So you bought an altitude-azimuth mount[a] and now you're sad because while it will track stars, there is a field rotation effect that results in star trails around the image center. Fear not. You can convert it to an equatorial mount[b] with a tripod.
Table of Contents
Place the mount on a tripod and tilt it so that the azimuth axis is parallel to the Earth's rotational axis. Then the mount only has to rotate around that axis to completely compensate for the Earth's rotation, and you get no field rotation.
2. Axis Alignment
The amount to tip depends on your latitude and toward which pole you tilt. First, figure out which latitude you are on. Then tip 90 minus the number of degrees as your latitude toward the nearest pole. If you live in London (latitude 51 degrees north), tip the mount 39 (90 minus 51) degrees north. If you live in Ushuaia (latitude 55 degrees south), tip the mount 35 (90 minus 55) degrees south.
For example, if you, like me, live in Stockholm, Sweden, at 59.4 degrees northern latitude - tilt the mount 30.6 degrees toward north, and your azimuth axis is now aligned with the Earth's.
2.1. On the Equator
As can be seen from the above, the tilt gets worse and worse the closer to the equator you are. Unfortunately there is no way to "tip toward the equator": since the altitude axis itself rotates when the mount rotates around the azimuth axis, we can't use the altitude axis for alignment.
Finally, you must tell the mount that you are at one of the poles: When asked for observation position, enter 0 degrees east and either 90 degrees north or south.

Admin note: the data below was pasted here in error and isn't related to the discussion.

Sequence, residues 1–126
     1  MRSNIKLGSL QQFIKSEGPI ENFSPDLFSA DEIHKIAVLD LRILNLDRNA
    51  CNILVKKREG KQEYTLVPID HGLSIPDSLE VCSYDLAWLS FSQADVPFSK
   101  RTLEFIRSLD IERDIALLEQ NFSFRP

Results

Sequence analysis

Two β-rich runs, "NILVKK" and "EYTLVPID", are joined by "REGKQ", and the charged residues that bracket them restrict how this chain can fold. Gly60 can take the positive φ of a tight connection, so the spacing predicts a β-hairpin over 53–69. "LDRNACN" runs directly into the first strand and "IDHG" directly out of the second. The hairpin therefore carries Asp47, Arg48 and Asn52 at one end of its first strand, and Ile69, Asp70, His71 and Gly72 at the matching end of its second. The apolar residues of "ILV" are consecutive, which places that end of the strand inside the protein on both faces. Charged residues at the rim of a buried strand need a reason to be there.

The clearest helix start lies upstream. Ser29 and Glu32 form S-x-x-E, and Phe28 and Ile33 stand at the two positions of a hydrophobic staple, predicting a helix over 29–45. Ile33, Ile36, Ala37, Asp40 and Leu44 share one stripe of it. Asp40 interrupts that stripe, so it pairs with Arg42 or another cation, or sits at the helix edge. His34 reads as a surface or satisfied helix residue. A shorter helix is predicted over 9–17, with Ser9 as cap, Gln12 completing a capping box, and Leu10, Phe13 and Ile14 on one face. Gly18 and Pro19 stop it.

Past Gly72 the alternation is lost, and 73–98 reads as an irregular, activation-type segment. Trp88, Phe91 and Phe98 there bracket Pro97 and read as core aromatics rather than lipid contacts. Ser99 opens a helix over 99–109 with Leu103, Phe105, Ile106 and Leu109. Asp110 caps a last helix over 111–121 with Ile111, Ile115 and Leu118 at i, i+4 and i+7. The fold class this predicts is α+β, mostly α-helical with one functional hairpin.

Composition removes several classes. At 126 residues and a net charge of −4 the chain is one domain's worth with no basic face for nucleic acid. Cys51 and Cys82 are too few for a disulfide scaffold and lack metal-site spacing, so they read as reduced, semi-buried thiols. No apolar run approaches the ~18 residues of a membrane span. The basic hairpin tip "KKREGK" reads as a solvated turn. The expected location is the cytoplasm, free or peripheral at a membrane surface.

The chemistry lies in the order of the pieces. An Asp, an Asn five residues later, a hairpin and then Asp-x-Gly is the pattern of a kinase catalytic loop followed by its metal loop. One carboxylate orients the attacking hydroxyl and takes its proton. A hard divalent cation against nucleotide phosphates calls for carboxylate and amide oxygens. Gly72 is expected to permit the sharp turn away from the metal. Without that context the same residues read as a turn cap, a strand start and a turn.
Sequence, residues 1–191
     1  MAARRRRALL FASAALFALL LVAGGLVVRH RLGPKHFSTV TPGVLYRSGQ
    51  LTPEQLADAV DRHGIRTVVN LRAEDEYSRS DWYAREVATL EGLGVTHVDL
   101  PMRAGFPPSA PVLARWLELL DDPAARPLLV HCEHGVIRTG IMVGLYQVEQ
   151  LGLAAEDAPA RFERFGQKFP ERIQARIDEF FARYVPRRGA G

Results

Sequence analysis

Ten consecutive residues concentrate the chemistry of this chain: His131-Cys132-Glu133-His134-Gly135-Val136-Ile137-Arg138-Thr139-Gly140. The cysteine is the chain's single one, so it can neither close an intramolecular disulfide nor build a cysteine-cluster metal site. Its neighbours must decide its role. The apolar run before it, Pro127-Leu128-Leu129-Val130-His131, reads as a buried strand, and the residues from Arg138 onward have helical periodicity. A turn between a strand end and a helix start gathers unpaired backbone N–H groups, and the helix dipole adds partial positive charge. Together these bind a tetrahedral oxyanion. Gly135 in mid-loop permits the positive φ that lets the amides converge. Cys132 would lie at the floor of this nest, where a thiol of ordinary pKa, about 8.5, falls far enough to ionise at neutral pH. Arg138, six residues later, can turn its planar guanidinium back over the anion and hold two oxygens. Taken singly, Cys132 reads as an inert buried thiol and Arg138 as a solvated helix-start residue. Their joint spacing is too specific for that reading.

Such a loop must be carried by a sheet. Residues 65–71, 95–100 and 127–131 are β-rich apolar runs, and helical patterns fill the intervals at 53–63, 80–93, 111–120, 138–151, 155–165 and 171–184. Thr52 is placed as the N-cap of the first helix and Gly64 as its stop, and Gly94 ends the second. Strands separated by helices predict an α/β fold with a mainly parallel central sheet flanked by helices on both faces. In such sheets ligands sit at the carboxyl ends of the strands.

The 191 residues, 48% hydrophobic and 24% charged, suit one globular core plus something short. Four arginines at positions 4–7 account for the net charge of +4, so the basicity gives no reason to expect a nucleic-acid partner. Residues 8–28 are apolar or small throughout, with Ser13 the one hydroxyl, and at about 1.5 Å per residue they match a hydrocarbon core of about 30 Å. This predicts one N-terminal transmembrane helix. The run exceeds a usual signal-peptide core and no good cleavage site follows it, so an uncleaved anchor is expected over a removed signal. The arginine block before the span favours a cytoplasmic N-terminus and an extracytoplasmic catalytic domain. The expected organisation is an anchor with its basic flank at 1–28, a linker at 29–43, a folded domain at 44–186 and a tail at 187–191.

4. Auto-Tracking (AZ Goto)
The AZ Goto mount has an auto-tracking feature. This section is specific to that particular model, but other mounts probably have similar requirements.
In order for auto-tracking to work, the mount must start off pointed north so the mount can figure out which direction to turn the axis. This means that it is easiest to tip the mount "backwards" when tipping it toward the south pole. Once set up, go to Setup - Auto Tracking and press Enter. Then use the up and down menu selection keys (at the bottom of the handset) to switch position display and confirm that the mount is tracking. If you slew the mount with auto-tracking on, the mount will resume tracking if you press Enter.
5. Test Results
These photos were taken with the setup described above. I eyeballed north, tilted the mount roughly 30 degrees north and took some sample shots at 20 seconds exposure. Unfortunately the weather was near overcast, which meant that I had to photograph through holes in the clouds. I did get some stars, though, and I think the results at least validate the setup.